By contrast, Altberg is more consumer / direction oriented with Sansar. Initial market sectors have been identified, work has been broken down into phases. A structured development curve has been set; as we’ve seen from Lab Chat and other sessions, there’s a reasonably clear understanding of what should be tackled first, and what can be pushed further down the development path. The platform itself is closed, controlled, managed.

Sansar Screen Shot, Linden Lab, August 2016, on Flickr Sansar (TM) Screen Shot, Linden Lab, October 2016, on Flickr

In adopting these approaches, and given their somewhat complicated business relationship (Rosedale still have “sizeable” financial holding in Linden Lab; linden Lab was one of the small investors in High Fidelity’s $2.4 million round of seed funding), Rosedale and Altberg describe their relationship as “frenemies”. They are both working towards similar goals, and dealing with the same consumer-facing technology, and are equally sniffy of the other’s product. Rosedale sees Sansar is being potentially too closed, too pigeon-holed in terms of how it will be perceived by consumers; Altberg sees High Fidelity as being to focused on the technology, and perhaps demanding more effort than most on-line consumers in the Facebook pre-packaged content age might be willing to invest.

When looked at from outside, the Rosedale / High Fidelity approach is perhaps more in keeping with the state of VR once all the hyperbole surrounding it is brushed aside:  VR may well be part of our future, but no-one can honestly say at this point just how big a part of our future it will be. The Altberg / Linden Lab approach is rooted business pragmatism: identify your markets and seek to deliver to those markets; build your product to reflect the market as it grows.

Neither approach is necessarily “right” or “wrong”, and there is certainly no reason why both cannot attract their own market share. But I have to admit I find myself leaning more in Altberg’s direction.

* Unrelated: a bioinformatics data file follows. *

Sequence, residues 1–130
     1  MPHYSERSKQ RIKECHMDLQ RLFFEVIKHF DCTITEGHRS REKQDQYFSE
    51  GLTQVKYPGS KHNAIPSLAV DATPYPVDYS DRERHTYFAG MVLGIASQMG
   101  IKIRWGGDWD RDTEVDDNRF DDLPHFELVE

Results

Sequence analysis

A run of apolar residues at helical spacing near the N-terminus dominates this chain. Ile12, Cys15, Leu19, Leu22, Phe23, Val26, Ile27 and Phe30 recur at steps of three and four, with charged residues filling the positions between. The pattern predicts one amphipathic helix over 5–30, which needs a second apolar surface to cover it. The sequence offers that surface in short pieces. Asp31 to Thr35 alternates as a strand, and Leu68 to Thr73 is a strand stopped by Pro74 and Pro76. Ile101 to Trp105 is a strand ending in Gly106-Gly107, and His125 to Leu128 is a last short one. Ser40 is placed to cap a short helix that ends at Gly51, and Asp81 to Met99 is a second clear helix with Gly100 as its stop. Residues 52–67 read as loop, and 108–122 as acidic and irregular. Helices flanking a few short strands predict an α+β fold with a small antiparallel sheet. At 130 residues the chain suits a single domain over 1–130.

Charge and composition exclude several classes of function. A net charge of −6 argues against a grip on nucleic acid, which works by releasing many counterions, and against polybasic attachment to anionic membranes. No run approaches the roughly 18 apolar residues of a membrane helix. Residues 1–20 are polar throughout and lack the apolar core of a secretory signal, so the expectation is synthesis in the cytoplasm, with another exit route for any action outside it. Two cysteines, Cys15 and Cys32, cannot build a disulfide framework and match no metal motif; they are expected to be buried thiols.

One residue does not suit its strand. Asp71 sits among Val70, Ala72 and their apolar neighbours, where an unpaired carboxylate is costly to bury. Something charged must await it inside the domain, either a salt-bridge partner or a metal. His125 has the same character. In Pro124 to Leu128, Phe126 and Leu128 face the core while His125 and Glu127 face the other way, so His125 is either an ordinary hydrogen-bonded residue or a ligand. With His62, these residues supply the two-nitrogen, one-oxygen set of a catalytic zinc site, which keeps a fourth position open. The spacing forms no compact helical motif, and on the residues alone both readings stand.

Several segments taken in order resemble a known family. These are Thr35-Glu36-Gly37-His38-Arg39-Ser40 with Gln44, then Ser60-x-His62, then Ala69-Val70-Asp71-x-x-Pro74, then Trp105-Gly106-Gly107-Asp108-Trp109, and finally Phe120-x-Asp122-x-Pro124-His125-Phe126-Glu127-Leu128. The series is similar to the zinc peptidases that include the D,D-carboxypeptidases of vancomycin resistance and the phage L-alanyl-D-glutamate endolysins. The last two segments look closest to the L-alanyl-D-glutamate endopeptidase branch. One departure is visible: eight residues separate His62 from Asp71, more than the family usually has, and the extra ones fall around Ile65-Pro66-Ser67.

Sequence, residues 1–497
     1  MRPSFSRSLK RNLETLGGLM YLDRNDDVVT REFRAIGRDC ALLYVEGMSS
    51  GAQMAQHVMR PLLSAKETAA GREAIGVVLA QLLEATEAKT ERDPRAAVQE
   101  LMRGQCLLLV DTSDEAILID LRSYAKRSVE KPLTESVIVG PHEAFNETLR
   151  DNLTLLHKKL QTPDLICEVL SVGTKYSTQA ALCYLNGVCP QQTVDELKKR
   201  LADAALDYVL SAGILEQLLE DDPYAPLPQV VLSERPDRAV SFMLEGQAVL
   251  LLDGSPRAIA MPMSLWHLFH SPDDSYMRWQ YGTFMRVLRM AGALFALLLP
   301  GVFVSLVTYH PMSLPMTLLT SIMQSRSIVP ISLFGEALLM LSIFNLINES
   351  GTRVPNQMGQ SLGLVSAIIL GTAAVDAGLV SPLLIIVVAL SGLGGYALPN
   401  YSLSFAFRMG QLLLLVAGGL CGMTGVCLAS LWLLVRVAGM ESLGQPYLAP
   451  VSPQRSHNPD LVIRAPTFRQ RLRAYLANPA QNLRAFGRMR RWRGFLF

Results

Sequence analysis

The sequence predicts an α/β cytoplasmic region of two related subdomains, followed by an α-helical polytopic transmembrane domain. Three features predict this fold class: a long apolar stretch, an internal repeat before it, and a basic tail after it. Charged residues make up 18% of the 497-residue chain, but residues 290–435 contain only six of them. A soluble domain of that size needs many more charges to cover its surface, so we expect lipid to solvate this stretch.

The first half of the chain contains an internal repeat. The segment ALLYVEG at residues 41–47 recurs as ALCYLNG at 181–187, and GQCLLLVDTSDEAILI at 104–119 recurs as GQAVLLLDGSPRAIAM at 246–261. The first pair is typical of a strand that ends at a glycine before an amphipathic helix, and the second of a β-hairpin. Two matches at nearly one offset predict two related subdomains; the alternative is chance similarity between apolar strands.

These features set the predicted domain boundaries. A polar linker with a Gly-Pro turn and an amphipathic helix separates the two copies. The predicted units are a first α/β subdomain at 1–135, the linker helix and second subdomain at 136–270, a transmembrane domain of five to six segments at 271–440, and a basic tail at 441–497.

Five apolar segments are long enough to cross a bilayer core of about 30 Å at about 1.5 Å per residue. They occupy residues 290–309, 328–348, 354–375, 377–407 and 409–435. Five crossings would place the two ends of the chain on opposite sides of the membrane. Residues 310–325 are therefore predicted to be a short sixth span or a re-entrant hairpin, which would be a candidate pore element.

This is admittedly partly because a lot of Rosedale’s broader comments about High Fidelity, the Internet, etc., come across as re-treads of things said ten years ago about Second Life and a transformative future never realised. But it’s more particularly because  – as noted above – no-one really knows how pervasive VR will be on a broad level. Other technologies such as augmented reality (AR) and mixed reality (MR) currently lie within the shadow cast by the hyperbole surrounding VR, but have the potential for far greater impact in how we conduct our lives and business.

Time will obviously tell on this; but one fact is clear: however you regard the philosophies held by Rosedale and Altberg, Manthorpe’s article is a must read. A considered, well presented, in-depth piece, it is sits as a catalyst for considerable thought and potential discussion.

2016 viewer release summaries: week 42

Updates for the week ending Sunday, October 23rd

This summary is published every Monday, and is a list of SL viewer / client releases (official and TPV) made during the previous week. When reading it, please note: